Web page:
What is at stake in the 2012 presidential election for the United States? In particular, what is at stake for the millions of Americans who have identified themselves as Catholics? And, how is the fate of the nation to be impacted by changes that may take place in the lives of American Catholics as a result of what happens at the polls in November?
James V. Schall, S.J., professor of political philosophy at Georgetown University, writing in CatholicWorld Report of last week paints an alarming picture. If the Obama administration’s HHS mandate is not overturned in the courts (which seems unlikely in light of recent district court decisions) or at the ballot box, America will soon face a situation in which the Catholic citizenry must choose between its faith and its previously comfortable place in our society, indeed, perhaps between the faith and their livelihood. What will America look like when these good citizens are banned from the public square and economic marketplace?
Schall references the Rev. GeorgeW. Rutler ‘s July 13 essay in Crisis magazine:
The laws will now be framed in such a way that anyone who does not follow government health-care policies, which will control the whole economy, will not find jobs that he can accept with clear conscience. “Catholics will not be suitable for public charities, medicine, education, journalism, or in the legal profession.” All of this elimination is in the name of “non-discrimination.” These are the normal areas in which Catholics, especially educated Catholics, have found their livelihood and place in civil society. Our institutions of higher learning, law schools, nursing schools, medical schools, and even business schools, to survive, will, in their minds, have to accept the law to survive.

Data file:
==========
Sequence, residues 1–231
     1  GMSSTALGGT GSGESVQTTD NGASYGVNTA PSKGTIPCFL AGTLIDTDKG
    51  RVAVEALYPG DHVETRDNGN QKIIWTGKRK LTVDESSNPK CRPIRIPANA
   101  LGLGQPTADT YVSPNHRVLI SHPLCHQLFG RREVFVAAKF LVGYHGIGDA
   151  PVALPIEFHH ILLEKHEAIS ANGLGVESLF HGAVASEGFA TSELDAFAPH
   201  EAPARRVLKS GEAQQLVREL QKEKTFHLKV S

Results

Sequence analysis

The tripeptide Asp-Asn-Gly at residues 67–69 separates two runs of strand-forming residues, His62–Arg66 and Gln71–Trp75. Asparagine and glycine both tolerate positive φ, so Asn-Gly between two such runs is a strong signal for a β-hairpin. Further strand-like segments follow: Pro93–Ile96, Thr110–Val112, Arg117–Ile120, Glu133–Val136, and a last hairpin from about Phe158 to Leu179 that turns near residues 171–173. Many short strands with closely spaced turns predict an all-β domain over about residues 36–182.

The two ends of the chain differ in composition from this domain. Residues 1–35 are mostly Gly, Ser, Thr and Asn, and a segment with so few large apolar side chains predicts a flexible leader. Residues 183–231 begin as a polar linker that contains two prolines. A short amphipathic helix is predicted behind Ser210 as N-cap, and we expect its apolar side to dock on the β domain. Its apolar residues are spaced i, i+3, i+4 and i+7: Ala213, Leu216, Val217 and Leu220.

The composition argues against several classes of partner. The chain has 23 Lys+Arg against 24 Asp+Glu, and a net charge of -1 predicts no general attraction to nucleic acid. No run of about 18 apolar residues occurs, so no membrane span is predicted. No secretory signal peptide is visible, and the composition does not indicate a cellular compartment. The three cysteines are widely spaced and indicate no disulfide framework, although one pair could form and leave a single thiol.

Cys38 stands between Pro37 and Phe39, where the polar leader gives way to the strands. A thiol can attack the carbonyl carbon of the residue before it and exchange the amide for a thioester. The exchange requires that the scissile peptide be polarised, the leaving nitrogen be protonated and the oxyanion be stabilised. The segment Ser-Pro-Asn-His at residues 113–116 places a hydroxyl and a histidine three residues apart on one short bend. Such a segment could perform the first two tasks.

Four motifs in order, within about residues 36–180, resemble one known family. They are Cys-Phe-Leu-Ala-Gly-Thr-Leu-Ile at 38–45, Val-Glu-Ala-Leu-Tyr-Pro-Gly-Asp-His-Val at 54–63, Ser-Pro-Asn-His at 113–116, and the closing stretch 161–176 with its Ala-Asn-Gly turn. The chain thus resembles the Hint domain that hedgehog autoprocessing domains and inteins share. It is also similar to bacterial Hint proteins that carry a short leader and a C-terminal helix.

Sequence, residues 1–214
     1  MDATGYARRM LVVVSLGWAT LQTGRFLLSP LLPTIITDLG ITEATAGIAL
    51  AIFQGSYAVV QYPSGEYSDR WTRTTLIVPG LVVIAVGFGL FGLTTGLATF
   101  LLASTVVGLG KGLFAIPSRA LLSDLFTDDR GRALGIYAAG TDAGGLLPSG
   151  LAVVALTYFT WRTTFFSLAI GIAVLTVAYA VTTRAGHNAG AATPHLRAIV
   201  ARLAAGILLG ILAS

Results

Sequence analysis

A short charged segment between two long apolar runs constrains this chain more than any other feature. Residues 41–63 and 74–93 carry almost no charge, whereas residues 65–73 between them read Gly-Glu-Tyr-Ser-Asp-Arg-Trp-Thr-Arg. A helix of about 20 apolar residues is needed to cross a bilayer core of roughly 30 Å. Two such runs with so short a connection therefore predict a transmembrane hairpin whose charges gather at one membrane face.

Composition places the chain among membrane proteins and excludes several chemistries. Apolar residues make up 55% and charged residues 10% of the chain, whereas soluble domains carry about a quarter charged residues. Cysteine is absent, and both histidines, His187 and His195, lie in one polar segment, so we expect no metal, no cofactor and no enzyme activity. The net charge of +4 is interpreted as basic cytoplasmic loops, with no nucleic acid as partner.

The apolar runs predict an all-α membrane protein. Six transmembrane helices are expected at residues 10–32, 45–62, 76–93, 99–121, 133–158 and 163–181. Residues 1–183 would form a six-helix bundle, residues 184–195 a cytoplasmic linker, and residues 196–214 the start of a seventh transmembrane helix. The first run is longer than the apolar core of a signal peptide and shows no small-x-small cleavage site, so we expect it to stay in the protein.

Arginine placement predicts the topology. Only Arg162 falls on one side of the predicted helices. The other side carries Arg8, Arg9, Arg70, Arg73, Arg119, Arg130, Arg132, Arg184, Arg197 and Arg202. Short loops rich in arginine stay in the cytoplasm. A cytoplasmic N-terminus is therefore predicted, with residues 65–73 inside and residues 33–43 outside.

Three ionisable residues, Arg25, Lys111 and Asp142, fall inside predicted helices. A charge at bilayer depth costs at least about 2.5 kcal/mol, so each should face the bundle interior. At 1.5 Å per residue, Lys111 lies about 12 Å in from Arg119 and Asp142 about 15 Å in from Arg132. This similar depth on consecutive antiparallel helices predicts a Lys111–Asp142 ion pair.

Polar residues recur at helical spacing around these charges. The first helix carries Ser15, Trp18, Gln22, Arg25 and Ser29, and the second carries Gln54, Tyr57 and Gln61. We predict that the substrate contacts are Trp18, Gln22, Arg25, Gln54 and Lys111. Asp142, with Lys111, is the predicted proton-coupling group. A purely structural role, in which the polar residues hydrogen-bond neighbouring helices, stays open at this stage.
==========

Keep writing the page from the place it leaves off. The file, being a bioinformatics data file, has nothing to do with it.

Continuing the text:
The Church’s moral positions will be seen to violate “civil rights.” Our lack of attention to the philosophic roots of “natural rights” is coming home to haunt us. “Rights” theory can justify anything. All of this control of the Church is being proposed in the name of natural and civil “rights.” In this atmosphere, Catholics will be something like their counterparts in Muslim lands. Their choice will be to escape to another land, to convert to Islam, or to be a tiny, tightly controlled minority with no opening to the public order.
Both the Schall and Rutler essays are highly recommended reading.